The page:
Well. You, know just. As it's not magic, pixie dust when it comes to stuff that gets written to the ledger right it isn't automatically, just because it's written doesn't make it true you know you want to have ways. To verify the integrity of what's being claimed I also don't necessarily believe, in a technology, in particular can. Force an organization. Or a marketplace, to be more, transparent. Or open, to the public than it otherwise wants to be but I believe. Once, you create a model, and incentive, to do that whether it's to enhance the integrity of claims about products, moving through a supply chain or the, set up say, you. Know a blockchain. To track claims, that are being made to. Try to, answer. The concern about the integrity of the press for example around. Around, publications. Like we, can use this as more. Trustworthy, data, than. We might otherwise have, well as somebody who is leading the charge on open data ten years ago it, always disturbed me a bit you know prospect of that, open dataset, you know if it's stored on a server somewhere being, kind of silently, corrupted, or silently, changed, in, a way that that would favor whoever hope and happened, to run the servers that that open data set was sitting on right without. A really easy way for us to verify integrity. Of those claims to. Have witnesses, to a claim that's being made and, without that data being plugged into the transaction systems, of the world, you. Know instead it was just like this two or three layers out kind of exhaust. From that activity but, what if we made that that, data actually, the ledger that everyone used to keep track of transactions. Keep track of who owned what properties, out there in the real world who you know like or. Business, registrations, what if we used it as a way to try to fight you. Know the way that that business registrations, are sometimes done as. A way to hide the, true actors behind certain systems right what. What if we thought it's not enough to get political or anything like that but but in, the hands of the right that people who understand, how these technologies work, I think we might find a way to, reinvent how, regulatory. Processes, work I know the SEC and the CFTC are. Very interested, in this there's. A way that actually helps, businesses, be more effective, more efficient, build. Upon each other much, more much more effectively. But, might. Also allow us as the public to be, able to have greater confidence that you. Know the systems aren't being corrupted against our interests so I'm. Optimistic there, I was, with the internet too and and it's, sometimes hard to be optimistic on any given day but the, minute the, net impact. Of all these technologies, is undeniable, and, and, I think it will lead us to a better place all. Right and I this is probably going to be our last question but it addresses. The great religious, debate of our time open, incentivized, models, versus private closed networks, because. Again, this goes down to even the way that people, perceive this technology, is sometimes. Someone's, understanding, well we have one of those models and then they'll make judgments. And comments, based, on that and people will be like well that's not a real blockchain, that's not really this I mean we take a very agnostic, view where. This, technology is secondary. To problem-solving. And better processes. Themselves, and, opening it in such a way that these technologies, could potentially, solve. Them so people. Get into really fierce debates, about the, open blockchain, or a, closed system and then again, they'll even say these are not even real things so well, what are your thoughts on that you touched upon it a little bit before, but. If you wanted to close out on this how. How, should people be thinking about this well, technology, debates, are nothing new I mean the technology industry you, know as its fought the the Emacs versus, VI battle, for four decades but, what we didn't have before was, this additional, layer where, people, have tokens in their pockets, of a certain value and if I've run an IC o---- you. Know for because I'm really passionate about solving, a problem and I and I sold a bunch of people tokens that are gonna be redeemable, in some way with. Some floating value to them I not, gonna be surprised, if my if I end up becoming an advocate for that system right or.

If I even if I've just bought tokens, in somebody else's system I'm gonna be motivated, to try to drive people to that so. It's. Really hard to escape, the tribalism, in this space really hard to escape I, you. Know kind of like the conflicts, of interest that exist. Often, out there just to be upfront I'm. Very much for tokenization, I think blockchain. Technology can be used to to, make the trading, of a lot of financial instruments much, more liquid. Much much easier to do much easier to trace and keep, bad actors from the system out of the system but. I think we have to be careful about choosing technologies. Where there's a very small number of beneficiaries. Open-source. Software has always been about spreading, that wealth spreading, that benefit in a much in, a much broader and more equitable way that, doesn't penalize late. Comers to a technology, and so that's that's where we hang our hat and that's why all, the things, that we've been building have been about intrinsic, value and painting. This broad spectrum, from very small and closed permissions on one end to public, and on the other with a lot of points in between Brian. You should call it no hyper ledger I think, is you pretty. Much make it sound like a reasonable. Thing that people can be able to get more resources on, understand, and know, that you're part of a large community. Out, there would no matter what organization you, are and of course are our customers, and colleagues our federal, agencies, themselves, and. To know that you're a part of a strong robust, community, of people asking the same questions, and, you. Know there's no reason to go any of this alone like you said, blockchain. Is not a one-person sport, on. It so we're, gonna close out I'm gonna give, up a few next, steps and. Brian and your team thank you so much again for joining us both, you and your team have been very available to us and we look forward to bringing, you in to more workshops, maybe. We could start building some stuff, and. Again keeping, that relationship open. Because collaboration. Between, you know government and industry and academia, that's the only way we're gonna do this and do this right and fulfill the full promise of IT modernization. For public services, and so, a couple of those next steps as well of, course is we're going to be sharing this video online and, sorry we couldn't get to all of your questions but again this is an open collaborative, process. This, isn't just like one-off, webinars, or something, we're, always thinking of new ideas in. Which we can open up our table and bring, you in to be able to get the best opportunities. The best information so. A we're gonna have more webinars like this we, have workshops at GSA, we. Invite you to go to emerging, digital, gov. And sign, up for the federal blockchain, community, and there's. Two of them one, of them is for government only the. Other one is the public so any of you can sign up to get news and information on, opportunities. Like, this or other things and you can answer ask your questions, there and have, the full breadth of the community, there too to solve it for you sherry, tha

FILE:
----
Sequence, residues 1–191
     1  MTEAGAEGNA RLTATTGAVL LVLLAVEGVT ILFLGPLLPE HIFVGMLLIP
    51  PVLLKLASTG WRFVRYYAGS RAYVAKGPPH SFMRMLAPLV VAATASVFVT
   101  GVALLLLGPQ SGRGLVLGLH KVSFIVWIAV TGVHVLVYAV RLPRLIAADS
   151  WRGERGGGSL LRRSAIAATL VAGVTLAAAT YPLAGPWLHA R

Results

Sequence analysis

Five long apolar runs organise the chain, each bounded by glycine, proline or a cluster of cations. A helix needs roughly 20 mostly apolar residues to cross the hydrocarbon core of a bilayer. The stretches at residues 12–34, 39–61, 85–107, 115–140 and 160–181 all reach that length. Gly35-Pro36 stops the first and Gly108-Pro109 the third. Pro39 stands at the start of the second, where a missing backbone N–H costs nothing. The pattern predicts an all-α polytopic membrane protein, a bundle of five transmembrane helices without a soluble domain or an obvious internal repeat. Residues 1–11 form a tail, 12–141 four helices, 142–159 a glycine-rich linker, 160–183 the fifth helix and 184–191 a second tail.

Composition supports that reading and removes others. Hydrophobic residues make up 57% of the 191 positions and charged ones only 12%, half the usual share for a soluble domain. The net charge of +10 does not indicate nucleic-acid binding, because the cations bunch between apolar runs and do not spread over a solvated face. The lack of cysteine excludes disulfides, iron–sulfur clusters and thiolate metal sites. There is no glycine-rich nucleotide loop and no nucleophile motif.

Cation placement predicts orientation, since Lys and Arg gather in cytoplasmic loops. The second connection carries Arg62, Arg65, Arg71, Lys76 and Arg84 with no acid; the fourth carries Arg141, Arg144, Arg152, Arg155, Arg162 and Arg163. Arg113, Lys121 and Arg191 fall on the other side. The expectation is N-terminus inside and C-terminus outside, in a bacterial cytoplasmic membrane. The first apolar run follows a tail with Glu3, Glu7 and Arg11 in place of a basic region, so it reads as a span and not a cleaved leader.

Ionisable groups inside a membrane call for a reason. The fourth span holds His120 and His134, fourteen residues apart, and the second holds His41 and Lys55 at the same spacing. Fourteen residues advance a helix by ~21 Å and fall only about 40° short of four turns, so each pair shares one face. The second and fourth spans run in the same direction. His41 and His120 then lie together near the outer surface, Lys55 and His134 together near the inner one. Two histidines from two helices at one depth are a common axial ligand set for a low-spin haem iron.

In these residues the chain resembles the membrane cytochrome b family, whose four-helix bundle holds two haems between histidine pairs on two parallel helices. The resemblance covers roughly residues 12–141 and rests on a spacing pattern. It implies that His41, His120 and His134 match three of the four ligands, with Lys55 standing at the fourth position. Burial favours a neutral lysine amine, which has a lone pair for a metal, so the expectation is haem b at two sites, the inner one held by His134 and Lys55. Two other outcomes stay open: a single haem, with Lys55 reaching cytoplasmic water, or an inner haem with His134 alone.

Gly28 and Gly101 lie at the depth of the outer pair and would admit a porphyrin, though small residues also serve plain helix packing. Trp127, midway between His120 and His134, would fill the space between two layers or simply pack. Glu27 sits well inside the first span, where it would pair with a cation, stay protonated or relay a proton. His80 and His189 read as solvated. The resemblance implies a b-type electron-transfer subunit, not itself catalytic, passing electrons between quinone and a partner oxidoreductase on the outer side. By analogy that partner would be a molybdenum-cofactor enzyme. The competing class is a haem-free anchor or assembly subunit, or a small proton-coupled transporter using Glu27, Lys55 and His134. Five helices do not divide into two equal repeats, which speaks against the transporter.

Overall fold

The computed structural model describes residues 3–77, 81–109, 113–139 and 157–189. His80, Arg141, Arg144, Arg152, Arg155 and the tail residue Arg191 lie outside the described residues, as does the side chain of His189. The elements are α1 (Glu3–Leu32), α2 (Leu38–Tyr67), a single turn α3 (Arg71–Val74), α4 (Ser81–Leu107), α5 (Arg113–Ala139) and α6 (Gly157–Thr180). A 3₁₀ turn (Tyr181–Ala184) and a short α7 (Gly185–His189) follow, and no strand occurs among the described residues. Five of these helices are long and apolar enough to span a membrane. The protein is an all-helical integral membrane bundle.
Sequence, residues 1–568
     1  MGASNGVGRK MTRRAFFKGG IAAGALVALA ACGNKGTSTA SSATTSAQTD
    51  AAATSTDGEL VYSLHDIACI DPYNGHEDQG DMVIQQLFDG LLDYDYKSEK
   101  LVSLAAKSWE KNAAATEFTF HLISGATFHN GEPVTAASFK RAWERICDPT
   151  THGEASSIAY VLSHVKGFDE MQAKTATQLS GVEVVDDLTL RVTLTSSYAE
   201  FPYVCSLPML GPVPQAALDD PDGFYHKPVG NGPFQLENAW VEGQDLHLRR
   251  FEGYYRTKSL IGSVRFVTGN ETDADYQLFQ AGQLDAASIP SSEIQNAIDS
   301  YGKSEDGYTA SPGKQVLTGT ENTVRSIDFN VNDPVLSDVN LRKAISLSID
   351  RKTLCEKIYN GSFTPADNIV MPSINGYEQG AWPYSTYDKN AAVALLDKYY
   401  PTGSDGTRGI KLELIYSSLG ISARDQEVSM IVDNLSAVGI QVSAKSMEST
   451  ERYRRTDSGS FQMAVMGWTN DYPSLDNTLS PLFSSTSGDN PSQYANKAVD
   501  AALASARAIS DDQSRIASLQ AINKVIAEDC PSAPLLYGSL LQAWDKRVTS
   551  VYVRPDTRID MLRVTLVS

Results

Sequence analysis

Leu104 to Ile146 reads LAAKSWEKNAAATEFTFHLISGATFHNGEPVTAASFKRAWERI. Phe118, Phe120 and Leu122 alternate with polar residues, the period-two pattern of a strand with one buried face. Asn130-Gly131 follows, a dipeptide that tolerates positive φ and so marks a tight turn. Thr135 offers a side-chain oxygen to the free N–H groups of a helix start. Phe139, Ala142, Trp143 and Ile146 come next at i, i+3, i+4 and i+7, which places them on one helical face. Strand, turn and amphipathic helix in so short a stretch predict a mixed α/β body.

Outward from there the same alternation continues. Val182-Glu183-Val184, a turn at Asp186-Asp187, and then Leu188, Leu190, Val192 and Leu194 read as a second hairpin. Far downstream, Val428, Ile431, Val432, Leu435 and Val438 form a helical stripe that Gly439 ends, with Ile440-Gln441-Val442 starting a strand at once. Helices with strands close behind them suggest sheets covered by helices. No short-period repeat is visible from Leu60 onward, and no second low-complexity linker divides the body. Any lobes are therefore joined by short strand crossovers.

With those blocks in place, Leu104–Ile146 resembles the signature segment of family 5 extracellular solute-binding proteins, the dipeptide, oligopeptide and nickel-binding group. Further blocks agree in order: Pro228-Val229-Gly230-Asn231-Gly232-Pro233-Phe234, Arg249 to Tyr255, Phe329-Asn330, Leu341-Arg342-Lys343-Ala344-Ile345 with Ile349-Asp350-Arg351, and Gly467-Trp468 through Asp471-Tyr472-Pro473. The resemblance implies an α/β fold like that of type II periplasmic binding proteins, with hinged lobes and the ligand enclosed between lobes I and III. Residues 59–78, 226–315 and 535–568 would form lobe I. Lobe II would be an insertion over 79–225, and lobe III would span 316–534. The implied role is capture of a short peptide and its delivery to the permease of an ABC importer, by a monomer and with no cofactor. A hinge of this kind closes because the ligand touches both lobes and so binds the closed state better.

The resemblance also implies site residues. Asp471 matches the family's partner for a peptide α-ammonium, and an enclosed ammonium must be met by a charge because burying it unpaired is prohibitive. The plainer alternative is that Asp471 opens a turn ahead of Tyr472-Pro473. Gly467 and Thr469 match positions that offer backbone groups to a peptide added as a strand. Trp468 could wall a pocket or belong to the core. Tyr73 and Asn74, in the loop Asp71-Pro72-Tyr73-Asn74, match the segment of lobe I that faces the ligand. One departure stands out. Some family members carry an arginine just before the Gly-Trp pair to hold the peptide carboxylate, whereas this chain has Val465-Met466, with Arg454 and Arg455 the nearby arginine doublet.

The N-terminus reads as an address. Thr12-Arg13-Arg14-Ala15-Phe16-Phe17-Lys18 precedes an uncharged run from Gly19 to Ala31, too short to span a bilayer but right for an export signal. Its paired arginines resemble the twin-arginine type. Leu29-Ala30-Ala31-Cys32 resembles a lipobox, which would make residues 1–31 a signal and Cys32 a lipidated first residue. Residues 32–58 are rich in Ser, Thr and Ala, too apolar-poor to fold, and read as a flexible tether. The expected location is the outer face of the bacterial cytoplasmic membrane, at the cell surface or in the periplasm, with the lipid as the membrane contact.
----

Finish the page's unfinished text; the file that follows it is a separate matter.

2018-07-20 13:35

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Great session, very informative. Great speaker!